Oh, those Sufis! So wise. Love is indeed a many-splendored thing. The light that warms us. And fills us up. Unselfish. Unlike any other human emotion, I think. Oh, to be safe in the arms of love! No better place. Ever. . . .
Emerson wrote that in 1860, but it has special meaning today, since beauty has become a medically-commercial commodity that he could have never anticipated. It's interesting to be the age that I am because the days of trading in whatever beauty I had in my youth are long gone.Sure, there's surgical . . .
Poem upon friend's death Poem by Langston Hughes I loved my friend. He went away from me. There's nothing more to say. The poem ends Soft as it began- I loved my friend. . . .
Pull My Daisy by Allen Ginsberg, Jack Kerouac & Neal Cassady (each one wrote a line sequentially, seeing only the line before) Pull my daisytip my cupall my doors are openCut my thoughtsfor coconutsall my eggs are brokenJack my Ardengate my shadeswoe my road is spokenSilk my gardenrose my . . .
Ralph Waldo EmersonEmbracing the totality of life is what it's all about.There's plenty of darkness around usbut it's warmer in the sunshineand living there makes for a happier life.Just ask my dogs, who love to bask in the warm grass and sunshine.The other day Riley ran out into the cold, crispair . . .
Show any Sicilian-American kid this picture and s/he will get it, immediately. Here's the scenario: Sicilian-American Mom: Don't do that. Kid: (does it anyway) Mom: I told you not to do that. Kid: (continues to be naughty) Then: The sound of a kitchen drawer sliding open hard, the rattling of . . .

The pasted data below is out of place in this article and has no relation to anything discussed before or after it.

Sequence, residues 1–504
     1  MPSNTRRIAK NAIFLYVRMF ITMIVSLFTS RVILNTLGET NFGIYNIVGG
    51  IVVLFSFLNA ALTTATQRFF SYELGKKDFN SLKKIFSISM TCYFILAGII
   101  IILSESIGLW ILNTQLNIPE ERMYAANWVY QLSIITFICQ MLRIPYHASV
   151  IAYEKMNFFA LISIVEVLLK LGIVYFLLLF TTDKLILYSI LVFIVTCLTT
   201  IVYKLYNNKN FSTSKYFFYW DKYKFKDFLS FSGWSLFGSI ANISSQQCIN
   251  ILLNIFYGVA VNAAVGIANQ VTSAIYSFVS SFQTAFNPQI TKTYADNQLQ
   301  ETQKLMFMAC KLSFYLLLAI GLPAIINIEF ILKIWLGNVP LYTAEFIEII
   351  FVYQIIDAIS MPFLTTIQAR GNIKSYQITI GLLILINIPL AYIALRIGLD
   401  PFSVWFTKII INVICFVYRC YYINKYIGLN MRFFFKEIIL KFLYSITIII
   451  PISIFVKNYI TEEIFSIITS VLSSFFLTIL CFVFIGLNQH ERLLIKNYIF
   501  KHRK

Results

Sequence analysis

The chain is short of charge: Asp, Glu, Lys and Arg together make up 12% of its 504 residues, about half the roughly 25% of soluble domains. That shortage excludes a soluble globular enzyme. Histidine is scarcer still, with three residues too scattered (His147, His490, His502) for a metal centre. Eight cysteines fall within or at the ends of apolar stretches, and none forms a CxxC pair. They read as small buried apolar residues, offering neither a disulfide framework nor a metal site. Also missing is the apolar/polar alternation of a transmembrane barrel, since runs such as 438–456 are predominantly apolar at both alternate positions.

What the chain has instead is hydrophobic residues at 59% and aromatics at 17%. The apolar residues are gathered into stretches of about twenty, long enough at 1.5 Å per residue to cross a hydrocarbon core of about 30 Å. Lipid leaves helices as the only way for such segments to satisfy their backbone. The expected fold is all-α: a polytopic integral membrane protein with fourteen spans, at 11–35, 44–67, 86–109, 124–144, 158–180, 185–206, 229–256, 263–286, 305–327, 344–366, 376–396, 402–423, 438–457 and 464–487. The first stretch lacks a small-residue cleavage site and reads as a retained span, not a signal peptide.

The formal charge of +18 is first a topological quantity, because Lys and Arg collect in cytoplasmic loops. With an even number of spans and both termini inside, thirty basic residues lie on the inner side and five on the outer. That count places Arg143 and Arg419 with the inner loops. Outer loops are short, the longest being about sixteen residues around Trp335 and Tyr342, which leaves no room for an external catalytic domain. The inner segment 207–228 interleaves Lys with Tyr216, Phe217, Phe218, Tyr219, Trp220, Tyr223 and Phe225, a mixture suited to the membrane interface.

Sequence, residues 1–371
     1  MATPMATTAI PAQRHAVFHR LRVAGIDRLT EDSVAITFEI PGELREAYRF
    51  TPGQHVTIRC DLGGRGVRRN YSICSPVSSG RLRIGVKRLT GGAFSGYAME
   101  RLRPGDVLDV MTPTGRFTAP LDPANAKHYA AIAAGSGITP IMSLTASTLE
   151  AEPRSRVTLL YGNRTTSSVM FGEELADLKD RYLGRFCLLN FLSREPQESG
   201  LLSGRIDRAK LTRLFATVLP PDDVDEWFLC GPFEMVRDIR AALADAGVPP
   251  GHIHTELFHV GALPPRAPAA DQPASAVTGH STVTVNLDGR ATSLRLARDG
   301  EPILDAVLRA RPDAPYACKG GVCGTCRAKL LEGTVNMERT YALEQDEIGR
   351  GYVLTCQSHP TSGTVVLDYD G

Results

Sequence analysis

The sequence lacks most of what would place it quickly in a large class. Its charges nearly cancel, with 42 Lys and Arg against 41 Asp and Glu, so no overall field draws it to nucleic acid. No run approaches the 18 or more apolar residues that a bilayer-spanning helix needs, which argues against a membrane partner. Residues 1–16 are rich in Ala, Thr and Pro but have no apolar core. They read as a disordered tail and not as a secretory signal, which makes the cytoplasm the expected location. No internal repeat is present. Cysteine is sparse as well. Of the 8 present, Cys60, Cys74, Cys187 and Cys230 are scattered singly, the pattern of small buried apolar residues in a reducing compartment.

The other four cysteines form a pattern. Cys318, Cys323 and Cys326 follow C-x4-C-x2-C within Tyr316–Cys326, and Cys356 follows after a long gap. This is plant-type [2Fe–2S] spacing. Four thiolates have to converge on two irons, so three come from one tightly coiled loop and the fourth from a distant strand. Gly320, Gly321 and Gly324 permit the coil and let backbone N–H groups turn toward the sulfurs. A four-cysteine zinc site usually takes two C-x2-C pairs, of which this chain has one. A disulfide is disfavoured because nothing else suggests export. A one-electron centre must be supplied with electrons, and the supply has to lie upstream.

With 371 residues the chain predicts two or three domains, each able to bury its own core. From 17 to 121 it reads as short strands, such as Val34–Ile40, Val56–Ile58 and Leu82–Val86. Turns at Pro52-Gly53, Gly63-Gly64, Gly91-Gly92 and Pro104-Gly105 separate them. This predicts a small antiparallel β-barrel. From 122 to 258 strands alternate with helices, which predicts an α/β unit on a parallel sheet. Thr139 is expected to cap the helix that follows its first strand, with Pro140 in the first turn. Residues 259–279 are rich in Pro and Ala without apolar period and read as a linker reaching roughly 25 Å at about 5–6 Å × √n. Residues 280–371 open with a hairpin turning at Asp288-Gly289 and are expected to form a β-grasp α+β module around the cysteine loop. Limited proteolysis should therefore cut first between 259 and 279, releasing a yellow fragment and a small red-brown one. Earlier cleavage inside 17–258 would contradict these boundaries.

When I was young, I was self-conscious about everything that happened.Each action seemed so earth-shakingly important, so life-changing.With the perspective of age, I see that life is very forgiving.That we all make mistakes and blunders, but few of them are life-changing.Most of the things that . . .
That Nature is a Heraclitean Fire and the comfort of the ResurrectionCLOUD-PUFFBALL, torn tufts, tossed pillows ' flaunt forth, then chevy on an air-built thoroughfare: heaven-roysterers, in gay-gangs ' they throng; they glitter in marches.Down roughcast, down dazzling whitewash, ' wherever an elm . . .
Outside on this beautiful, poetic spring day. Oh, nothing is so beautiful as Spring --When weeds, in wheels, shoot long and lovely and lush,Thrush's eggs look little low heavens, and thrushThrough the echoing timber does so rinse and wringThe ear, it strikes like lightnings to hear him sing;That . . .
This is the Gerard Manley Hopkins poem read by Colin Firth at Elizabeth Taylor's funeral today."Give beauty back to God." It's just perfect. The Leaden Echo And The Golden Echo (Maidens' song from St. Winefred's Well) . . .